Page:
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Therapy reboots vision system for brain injury patients

Posted June 12, 2010
Updated June 13, 2010

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— For most of us, clear vision is as easy as opening our eyes. However, every year 1.4 million Americans sustain a traumatic brain injury that could affect their ability to see.

Three years ago, a stroke injured the part of Bill Madison's brain that interprets vision.

“I noticed that I was seeing double. This is not very good," he said.

Madison recovered from the stroke, but vision problems lingered even though eye exams were 20/20 visual acuity.

“This can create a lot of anxiety for patients because they know that something is not right,” Duke optometrist Dr. Sue Durham said.

Durham specializes in detecting problems in the way the brain interprets information from the eyes. Her patients often complain of blurriness, problems focusing, eye strain, light sensitivity, poor balance or dizziness issues.

For Madison, Durham designed therapy to retrain his brain.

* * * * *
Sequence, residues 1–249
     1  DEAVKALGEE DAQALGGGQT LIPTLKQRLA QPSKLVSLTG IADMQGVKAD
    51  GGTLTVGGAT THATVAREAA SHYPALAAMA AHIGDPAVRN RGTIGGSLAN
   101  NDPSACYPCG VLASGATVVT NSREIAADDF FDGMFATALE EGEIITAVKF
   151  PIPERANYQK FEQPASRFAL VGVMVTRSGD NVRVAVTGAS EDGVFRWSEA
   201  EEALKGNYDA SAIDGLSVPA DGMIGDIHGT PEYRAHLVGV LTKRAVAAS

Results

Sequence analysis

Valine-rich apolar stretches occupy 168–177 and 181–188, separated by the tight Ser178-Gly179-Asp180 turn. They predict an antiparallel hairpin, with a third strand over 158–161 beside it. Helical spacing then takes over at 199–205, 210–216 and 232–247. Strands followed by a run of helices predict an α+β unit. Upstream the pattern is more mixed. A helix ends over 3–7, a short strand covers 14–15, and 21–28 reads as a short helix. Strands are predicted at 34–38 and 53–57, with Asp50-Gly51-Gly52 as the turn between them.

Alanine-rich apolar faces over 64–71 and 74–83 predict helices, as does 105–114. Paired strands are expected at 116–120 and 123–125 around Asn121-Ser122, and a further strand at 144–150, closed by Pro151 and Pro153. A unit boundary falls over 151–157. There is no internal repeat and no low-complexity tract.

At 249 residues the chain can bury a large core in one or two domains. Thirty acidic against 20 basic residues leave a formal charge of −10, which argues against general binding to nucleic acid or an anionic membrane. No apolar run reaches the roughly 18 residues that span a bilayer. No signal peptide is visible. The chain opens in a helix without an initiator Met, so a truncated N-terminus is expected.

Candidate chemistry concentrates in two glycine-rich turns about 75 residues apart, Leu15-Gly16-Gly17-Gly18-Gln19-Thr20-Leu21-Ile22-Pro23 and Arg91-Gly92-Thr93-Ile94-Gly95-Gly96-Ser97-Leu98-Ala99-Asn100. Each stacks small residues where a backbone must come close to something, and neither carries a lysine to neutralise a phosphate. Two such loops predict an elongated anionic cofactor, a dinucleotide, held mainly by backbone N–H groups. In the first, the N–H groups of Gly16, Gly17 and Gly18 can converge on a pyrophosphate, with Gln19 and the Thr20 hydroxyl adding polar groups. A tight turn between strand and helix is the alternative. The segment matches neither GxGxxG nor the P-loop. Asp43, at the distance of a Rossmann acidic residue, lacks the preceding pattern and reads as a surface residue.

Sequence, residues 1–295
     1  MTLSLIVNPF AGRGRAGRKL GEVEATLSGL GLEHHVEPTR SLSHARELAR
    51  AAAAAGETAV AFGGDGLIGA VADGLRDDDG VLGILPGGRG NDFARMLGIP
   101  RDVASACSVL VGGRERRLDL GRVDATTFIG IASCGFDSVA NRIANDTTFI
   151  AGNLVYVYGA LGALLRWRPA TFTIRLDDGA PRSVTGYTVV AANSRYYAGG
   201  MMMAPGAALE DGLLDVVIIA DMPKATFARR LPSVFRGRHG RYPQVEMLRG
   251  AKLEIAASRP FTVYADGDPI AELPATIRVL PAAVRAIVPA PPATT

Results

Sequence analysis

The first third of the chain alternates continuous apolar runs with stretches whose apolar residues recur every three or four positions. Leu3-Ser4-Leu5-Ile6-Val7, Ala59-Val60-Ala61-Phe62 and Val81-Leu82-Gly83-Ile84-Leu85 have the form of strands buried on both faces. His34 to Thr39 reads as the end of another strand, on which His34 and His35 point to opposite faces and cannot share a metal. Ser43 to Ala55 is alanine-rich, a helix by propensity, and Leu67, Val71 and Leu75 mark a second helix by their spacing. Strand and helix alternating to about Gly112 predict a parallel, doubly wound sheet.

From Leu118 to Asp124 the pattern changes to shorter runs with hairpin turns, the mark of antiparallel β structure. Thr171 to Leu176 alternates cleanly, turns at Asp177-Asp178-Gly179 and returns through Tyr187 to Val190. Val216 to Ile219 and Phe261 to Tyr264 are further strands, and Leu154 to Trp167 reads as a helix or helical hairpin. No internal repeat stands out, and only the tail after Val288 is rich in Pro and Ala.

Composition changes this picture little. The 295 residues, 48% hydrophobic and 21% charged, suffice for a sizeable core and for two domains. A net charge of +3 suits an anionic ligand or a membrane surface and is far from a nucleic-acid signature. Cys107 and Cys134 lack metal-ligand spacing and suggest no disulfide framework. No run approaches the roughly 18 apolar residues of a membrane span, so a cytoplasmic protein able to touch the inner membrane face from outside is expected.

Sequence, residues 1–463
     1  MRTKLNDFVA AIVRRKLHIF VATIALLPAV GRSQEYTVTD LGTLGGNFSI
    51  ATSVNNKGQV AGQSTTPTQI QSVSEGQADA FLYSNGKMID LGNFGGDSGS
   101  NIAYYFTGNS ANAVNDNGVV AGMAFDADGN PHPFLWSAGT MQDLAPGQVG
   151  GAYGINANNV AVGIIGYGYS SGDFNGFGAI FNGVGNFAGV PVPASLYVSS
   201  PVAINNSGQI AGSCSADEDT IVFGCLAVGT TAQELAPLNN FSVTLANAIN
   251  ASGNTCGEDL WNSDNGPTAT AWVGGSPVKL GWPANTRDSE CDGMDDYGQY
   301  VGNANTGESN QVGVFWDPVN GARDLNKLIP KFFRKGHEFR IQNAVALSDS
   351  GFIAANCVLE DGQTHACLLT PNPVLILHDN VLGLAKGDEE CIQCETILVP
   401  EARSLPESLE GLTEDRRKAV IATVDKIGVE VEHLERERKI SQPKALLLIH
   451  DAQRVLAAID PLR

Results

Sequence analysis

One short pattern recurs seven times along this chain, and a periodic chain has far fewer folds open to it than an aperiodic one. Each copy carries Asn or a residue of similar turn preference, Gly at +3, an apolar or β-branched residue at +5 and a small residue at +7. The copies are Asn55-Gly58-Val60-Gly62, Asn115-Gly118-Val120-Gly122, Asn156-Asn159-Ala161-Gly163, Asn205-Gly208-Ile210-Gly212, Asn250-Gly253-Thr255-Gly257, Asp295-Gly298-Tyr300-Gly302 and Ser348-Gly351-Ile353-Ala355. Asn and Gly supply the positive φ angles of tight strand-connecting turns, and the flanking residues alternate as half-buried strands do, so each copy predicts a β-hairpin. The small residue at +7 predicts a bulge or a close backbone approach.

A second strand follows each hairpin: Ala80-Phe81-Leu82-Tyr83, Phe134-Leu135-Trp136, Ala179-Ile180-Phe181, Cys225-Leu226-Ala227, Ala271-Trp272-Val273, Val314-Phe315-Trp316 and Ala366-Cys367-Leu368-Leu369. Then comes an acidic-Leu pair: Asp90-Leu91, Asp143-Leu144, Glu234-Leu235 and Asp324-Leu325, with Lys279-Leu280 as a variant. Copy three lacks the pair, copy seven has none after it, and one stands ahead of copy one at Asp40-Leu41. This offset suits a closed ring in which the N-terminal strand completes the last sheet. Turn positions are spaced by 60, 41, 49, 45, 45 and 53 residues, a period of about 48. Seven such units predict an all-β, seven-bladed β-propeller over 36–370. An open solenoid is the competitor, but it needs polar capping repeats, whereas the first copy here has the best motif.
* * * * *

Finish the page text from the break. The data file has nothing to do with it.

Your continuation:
“So that the patient can achieve single, clear, two-eyed vision,” Durham explained.

Simple exercises such as focusing on lights in the peripheral range of vision helped Madison's brain to interpret eye activity correctly. Many of the exercises, he can practice at home, or on a computer with a special vision building program.

“The vision is great now,” Madison said of the therapy's result.

The 55 year old is even making a career change, training to be a opthalmologic technician. Madison said he wants to help others with acquired brain injury to reboot their vision system.

Durham said a growing number of people with vision problems from brain injury are military service members stationed in Iraq and Afghanistan.

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